Multiple Functions of NRZ Subunits
During interphase, in addition to the retrograde transport from the Golgi to the ER, ZW10 may participate in dynein-mediated movement of endosomes and lysosomes (Varma et al., 2006). It is not clear whether ZW10 functions in the anterograde transport from the ER to the Golgi, which is mediated by dynein-dynactin that moves toward the minus-end of microtubules (Presley et al., 1997). One study showed that depletion of ZW10 causes the release of dynein from membranes (Varma et al., 2006). Moreover, ZW10 moves along microtubules toward their minus-end and accumulate at the centrosome in interphase and at kinetochores in mitosis, when the interaction of ZW10 with dynein-dynactin is stabilized (Inoue et al., 2008; Famulski et al., 2011). However, a recent study strongly suggests that ZW10 acts as a tether rather than a dynein anchor (Majeed et al., 2014). It should be clarified in future studies how ZW10 participates in tethering despite the lack of an acidic region responsible for the interaction with COPI-coated vesicles in yeast Dsl1 (Andag and Schmitt, 2003; Schmitt, 2010).
At the onset of mitosis, microtubules switch their role from the transport of membranous structures, such as Golgi, endosomes, lysosomes, and transport vesicles, to that of non-membranous chromosomes as well as of kinetochore proteins. ZW10, ROD, and perhaps many other kinetochore proteins are supposed to move along microtubules from the cytosol to the nucleus (Williams et al., 1992; Scaërou et al., 1999). The finding that Golgi disassembly is required for entry into mitosis (Sütterlin et al., 2002) might be related to this phenomenon. Presence of the Golgi structure might be an “obstacle” for massive protein transport along microtubules to the nucleus, and its loss may allow cytosolic and ER- and Golgi-associated kinetochore proteins to enter the nucleus just before and during nuclear envelope breakdown.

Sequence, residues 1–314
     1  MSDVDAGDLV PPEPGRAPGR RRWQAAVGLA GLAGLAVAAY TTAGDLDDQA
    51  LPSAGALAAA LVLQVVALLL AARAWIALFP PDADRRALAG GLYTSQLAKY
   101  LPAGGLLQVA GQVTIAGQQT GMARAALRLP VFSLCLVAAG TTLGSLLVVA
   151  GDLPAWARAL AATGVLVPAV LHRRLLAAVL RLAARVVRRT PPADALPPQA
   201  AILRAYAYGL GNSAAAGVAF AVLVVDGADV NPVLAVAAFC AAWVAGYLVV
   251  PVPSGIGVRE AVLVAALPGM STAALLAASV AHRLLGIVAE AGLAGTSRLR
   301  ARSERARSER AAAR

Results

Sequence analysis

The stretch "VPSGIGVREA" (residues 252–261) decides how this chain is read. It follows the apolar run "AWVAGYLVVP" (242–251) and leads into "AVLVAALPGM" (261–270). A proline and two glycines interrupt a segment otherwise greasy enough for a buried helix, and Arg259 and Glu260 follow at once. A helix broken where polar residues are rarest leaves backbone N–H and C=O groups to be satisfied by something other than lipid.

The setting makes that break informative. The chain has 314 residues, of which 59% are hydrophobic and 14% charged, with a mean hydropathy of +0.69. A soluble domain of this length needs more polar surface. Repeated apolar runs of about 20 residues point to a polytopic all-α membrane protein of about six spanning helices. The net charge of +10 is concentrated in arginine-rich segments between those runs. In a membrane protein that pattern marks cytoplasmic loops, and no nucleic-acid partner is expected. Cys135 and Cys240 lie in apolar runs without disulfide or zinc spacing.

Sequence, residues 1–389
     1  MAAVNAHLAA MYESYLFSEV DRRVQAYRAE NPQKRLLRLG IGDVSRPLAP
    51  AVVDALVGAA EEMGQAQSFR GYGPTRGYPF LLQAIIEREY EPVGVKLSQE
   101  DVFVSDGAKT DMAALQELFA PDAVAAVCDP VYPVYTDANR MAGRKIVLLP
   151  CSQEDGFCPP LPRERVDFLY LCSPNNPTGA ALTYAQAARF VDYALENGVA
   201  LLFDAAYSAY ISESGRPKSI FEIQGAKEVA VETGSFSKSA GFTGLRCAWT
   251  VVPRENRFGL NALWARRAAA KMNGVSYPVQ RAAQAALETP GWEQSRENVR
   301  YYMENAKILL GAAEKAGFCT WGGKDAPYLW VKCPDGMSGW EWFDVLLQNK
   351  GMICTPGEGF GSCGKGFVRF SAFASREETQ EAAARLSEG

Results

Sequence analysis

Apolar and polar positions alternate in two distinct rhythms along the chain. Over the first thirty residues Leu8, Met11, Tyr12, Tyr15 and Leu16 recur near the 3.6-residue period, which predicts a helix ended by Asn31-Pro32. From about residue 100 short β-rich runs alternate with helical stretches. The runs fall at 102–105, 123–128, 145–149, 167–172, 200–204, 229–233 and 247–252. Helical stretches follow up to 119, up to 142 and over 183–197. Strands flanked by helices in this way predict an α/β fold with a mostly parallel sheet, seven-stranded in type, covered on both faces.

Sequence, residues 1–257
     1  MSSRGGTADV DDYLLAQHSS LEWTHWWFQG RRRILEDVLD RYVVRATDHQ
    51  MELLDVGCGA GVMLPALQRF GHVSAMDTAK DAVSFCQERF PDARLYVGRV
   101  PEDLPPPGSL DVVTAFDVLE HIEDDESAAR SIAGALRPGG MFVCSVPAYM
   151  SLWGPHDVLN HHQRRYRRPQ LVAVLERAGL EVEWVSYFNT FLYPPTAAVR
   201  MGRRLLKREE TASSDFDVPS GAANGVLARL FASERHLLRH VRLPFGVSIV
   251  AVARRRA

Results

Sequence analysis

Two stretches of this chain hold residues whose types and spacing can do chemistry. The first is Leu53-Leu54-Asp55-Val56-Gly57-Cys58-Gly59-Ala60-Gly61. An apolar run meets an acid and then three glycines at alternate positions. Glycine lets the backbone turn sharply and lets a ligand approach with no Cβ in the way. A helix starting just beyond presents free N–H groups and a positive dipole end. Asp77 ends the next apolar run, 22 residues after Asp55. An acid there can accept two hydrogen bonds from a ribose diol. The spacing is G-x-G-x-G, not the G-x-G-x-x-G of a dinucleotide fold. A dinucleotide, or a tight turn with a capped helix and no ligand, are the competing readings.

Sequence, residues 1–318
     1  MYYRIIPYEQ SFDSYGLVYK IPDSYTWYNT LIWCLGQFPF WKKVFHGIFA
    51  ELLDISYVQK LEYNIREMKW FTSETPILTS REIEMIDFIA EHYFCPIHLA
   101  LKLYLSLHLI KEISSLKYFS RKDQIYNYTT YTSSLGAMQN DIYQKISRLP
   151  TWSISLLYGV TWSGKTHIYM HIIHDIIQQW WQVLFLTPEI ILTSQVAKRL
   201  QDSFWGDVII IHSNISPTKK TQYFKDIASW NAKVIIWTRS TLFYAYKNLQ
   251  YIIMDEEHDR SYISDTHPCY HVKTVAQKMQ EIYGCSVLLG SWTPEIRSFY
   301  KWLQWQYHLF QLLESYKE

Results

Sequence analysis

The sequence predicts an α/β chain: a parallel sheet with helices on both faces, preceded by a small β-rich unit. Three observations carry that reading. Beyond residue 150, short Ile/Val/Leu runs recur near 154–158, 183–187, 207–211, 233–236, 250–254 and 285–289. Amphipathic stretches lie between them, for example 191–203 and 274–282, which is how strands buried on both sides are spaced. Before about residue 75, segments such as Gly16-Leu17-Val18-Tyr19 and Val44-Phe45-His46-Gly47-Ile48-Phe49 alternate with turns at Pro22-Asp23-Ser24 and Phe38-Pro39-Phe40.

During mitosis, ZW10 interacts with several kinetochore-associated proteins, such as ZWINT (Starr et al., 2000), C19orf25 (Kops et al., 2005), and PIASy (Ryu and Azuma, 2010). ZWINT was first identified by yeast two-hybrid screen as a ZW10-binding protein (Starr et al., 2000). This 43-kDa protein, predicted to be largely coiled-coil, is recruited to kinetochores in early prophase, before the earliest detection of ZW10, and remains there until mid-anaphase (Starr et al., 2000; Wang et al., 2004). ZWINT and RINT1 may have equivalent functions in different ZW10-containing complexes. Like RINT1 (Inoue et al., 2008), ZWINT interacts with the N-terminal region of ZW10 and helps the recruitment of the ZW10-containing complex to the target architecture, kinetochores (Starr et al., 2000; Wang et al., 2004; Famulski et al., 2008).
ZWINT may also play a role in membrane trafficking in interphase cells. It interacts with membrane trafficking proteins such as Rab3c, SNAP25, SNAP29, and GM130 (Lee et al., 2002; van Vlijmen et al., 2008; Hutchins et al., 2010). Both Rab3c and SNAP25 bind to the same region of ZWINT (amino acids 79–179), which includes a putative coiled-coil region (van Vlijmen et al., 2008). Rat ZWINT, called SIP30 for SNAP-25 interacting protein of 30 kDa, is upregulated in the central nervous system in response to neuropathic pain (Zhang et al., 2009), and is required for neuropathic pain-evoked aversion (Han et al., 2014).
A very recent study has revealed an unexpected role for ZWINT. ZWINT has been shown to directly interact with Beclin1 whose loss results in a significant reduction of the outer kinetochore proteins including ZW10, leading to a defect in chromosome congression (Frémont et al., 2013). Beclin1 is the mammalian ortholog of yeast ATG6/VPS30 and a typical moonlighting protein participating not only in autophagy, but also in endocytosis, apoptosis, and inflammation (reviewed by Salminen et al., 2013).